Other aspects and advantages of the invention will be apparent from the following description and the appended claims.
Embodiments of the invention relate to methods and systems for deconvolving logging data from formation logging operations to derive formation properties. Embodiments of the invention estimate formation properties based on deconvolution processes. In accordance with some embodiments of the invention, methods of the invention use Wiener deconvolution (which may be multi-channel deconvolution) to extract formation properties from the well-logging data. In accordance with other embodiments of the invention, deconvolved data obtained from deconvolution processes (e.g., Wiener deconvolution) may be further processed using a diffusion filter (e.g., a nonlinear anisotropic diffusion filter) to improve the estimates of bed profiles.
Methods in accordance with embodiments of the invention are applicable to various LWD, MWD, LWT, and wireline tools. However, for clarity of illustration, the following description uses high-resolution real-time imaging data obtained from LWD operations as examples. A typical logging environment is shown in
A typical electromagnetic (EM) downhole tool or sensor configuration is shown in
The measurement process begins by energizing each of the two transmitters sequentially and measuring phase shifts and amplitude attenuations in the signals received by the two receivers. One of ordinary skill in the art would appreciate that symmetrically located transmitters help compensate for the borehole effects. However, embodiments of the invention are not limited to data obtained with symmetrically located antennas. Measurements are performed at specified axial and azimuthal (with respect to tool-axis) locations. These data may then be inverted for formation properties, including bed-thickness, dip angles, fracture locations, conductivity, and dielectric constant, etc.
For clarity of illustration, the following description will assume that conductivity and dielectric constants are to be derived from the measured phase shifts (φ) and amplitude attenuation (A) data obtained in resistivity logging. However, one of ordinary skill in the art would appreciate that the methods of the invention may also be used to derived other parameters, e.g., stand-off, dip angles, fracture locations, etc. In addition, methods of the invention may also be applied to other types of logging data.
In a typical approach, the logging data are processed with an inversion scheme to derive the formation properties. The fastest and simplest inversion scheme assumes a homogeneous medium at each measurement point and disregards the presence of bed-boundaries and other discontinuities. With the assumption of a homogeneous medium, permittivity (ε=ε0·εr) and conductivity (σ) may be obtained by solving the following transcendental equations, depending on antenna configurations:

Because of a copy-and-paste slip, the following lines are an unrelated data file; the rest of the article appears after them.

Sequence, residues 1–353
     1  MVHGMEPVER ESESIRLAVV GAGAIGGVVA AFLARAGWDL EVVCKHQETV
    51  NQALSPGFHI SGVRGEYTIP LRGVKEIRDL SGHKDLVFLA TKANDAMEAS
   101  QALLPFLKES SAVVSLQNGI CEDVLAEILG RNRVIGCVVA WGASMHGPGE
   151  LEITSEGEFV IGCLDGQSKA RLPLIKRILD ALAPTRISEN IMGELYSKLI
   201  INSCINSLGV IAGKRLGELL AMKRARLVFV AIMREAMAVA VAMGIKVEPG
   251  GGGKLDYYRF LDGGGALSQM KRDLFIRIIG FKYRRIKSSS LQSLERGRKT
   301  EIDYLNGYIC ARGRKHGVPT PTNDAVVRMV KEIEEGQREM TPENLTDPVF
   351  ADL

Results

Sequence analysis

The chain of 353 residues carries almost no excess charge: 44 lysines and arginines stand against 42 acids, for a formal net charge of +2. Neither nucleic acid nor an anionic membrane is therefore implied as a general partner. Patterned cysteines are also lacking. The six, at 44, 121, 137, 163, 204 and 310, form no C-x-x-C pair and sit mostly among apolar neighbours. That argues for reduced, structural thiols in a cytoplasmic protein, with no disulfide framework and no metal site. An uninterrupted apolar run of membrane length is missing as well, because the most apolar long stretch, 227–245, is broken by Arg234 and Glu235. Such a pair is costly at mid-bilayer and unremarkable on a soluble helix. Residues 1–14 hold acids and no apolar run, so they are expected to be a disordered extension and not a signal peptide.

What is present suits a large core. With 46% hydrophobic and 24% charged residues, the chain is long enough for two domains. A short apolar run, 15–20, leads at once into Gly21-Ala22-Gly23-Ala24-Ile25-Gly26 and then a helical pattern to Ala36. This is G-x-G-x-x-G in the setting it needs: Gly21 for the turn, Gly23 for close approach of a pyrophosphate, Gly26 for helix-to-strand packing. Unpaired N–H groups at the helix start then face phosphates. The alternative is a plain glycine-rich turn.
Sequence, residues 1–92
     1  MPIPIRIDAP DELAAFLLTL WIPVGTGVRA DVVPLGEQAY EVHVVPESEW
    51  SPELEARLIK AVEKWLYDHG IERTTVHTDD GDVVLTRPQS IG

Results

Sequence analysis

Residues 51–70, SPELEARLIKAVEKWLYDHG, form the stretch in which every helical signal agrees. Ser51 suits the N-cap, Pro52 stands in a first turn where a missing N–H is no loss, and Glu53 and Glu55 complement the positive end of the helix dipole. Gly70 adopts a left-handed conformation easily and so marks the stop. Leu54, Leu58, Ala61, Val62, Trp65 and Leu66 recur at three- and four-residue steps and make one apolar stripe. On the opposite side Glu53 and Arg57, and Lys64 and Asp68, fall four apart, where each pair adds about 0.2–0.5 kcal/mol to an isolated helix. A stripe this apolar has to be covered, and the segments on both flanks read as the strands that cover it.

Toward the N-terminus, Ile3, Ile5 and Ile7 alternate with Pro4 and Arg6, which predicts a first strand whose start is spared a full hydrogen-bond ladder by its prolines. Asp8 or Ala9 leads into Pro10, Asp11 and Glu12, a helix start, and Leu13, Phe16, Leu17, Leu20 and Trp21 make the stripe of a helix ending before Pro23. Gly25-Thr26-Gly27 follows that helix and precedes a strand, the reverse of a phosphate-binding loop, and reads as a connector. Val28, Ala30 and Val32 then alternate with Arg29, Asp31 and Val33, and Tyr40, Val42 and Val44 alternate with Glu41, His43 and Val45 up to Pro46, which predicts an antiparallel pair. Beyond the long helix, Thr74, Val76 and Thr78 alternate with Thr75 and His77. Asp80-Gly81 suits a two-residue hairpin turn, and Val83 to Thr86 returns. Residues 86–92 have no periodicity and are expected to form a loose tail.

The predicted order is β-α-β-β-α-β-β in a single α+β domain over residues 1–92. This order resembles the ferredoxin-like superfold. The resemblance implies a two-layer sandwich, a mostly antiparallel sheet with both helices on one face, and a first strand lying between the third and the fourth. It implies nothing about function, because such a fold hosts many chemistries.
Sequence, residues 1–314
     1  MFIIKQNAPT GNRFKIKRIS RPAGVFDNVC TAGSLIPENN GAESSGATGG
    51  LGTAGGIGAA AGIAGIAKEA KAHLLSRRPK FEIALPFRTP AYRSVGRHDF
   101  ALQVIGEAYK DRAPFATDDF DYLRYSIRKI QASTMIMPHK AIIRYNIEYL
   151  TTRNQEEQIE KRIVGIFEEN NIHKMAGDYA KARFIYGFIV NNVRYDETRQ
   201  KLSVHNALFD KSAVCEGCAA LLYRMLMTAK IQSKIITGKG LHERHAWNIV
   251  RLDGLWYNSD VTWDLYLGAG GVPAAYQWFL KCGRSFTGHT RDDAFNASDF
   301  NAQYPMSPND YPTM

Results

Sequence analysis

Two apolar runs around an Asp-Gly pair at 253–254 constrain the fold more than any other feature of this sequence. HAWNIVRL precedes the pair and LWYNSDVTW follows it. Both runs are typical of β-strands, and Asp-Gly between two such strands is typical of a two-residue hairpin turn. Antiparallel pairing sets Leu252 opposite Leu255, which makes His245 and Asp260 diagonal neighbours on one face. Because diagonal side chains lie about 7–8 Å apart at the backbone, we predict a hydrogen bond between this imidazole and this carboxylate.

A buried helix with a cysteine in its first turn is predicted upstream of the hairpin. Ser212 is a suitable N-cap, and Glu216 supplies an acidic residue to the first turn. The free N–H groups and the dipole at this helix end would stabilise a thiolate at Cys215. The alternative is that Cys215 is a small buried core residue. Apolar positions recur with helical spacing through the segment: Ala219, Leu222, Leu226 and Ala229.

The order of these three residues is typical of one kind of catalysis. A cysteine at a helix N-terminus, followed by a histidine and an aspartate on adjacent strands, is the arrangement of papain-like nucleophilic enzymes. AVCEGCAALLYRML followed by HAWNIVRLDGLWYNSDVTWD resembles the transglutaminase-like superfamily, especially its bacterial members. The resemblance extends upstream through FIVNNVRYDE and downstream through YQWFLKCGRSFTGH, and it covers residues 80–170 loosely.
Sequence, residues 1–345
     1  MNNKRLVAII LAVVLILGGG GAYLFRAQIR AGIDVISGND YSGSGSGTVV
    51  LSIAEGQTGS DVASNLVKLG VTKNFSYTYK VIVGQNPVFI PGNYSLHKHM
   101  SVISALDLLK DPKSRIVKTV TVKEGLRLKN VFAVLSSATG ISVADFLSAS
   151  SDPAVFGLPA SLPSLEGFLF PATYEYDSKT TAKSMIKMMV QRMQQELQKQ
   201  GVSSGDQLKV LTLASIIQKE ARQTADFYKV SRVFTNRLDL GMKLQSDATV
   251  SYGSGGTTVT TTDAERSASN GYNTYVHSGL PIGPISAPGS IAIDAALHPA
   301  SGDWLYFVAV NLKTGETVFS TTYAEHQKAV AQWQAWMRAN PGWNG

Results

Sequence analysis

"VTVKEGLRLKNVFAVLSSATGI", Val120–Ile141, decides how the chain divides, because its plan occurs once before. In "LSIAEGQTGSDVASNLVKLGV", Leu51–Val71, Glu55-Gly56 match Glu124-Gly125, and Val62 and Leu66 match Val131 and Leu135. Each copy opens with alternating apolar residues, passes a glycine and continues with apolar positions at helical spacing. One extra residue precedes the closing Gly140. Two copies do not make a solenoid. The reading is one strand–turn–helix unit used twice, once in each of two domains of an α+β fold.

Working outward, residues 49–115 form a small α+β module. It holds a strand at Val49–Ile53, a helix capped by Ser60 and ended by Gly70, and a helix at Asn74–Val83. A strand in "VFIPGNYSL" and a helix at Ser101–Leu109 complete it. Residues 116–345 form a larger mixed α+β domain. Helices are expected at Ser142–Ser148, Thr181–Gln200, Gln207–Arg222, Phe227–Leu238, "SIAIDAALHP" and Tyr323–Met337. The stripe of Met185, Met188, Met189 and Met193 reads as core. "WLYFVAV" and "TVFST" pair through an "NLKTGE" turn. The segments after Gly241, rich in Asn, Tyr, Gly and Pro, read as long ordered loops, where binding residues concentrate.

The ε, σ thus obtained are apparent values. The inversion involving a homogeneous medium is the simplest and fastest way to invert the phase and attenuation measurement data for conductivity and dielectric constant (σ, ε,) of the formation. However, the method is not ideal for removing oscillations near bed boundaries. This scheme is better suited for cases where the sensors operate at lower frequencies or the bed thicknesses are large. However, in the GHz frequency range, the measurement of phase shift and amplitude attenuation of the voltage at the receivers may be corrupted by multiple reflections of the EM waves from bed boundaries. These shoulder-bed effects render the simple inversion method less useful.
An alternative approach to estimating formation properties is to solve an optimization problem, in which a certain layered formation model is assumed. Tool responses are then computed based on the assumed formation model, and then the error between the modeled data and the measured data (e.g., phase shifts and attenuations) is minimized by iteratively varying formation model parameters. However, in order to take into account various formation properties (including bed thickness, dielectric constant and conductivity of each layer with a number of layers), the formation model would necessarily be of a very high dimensionality. Although there are methods that can handle large optimization problems, in which some or all of the parameters are assumed to have discrete values, these processes can be quite time consuming. See e.g., J. C. Goswami et al., “A Robust Technique for Well-Log Data Inversion, ” IEEE Transaction on Antennas and Propagation, pp. 717-724, March 2004.
Embodiments of the invention use deconvolution methods to derive formation properties. Some embodiments of the present invention use a novel technique based on Wiener filters (particularly, multi-channel Wiener filters) to extract formation properties.
As noted above, formation logging data acquired with a sensor depends on not only the formation properties (profiles), but also the response function of the sensor. In other words, formation measurement data may be described as: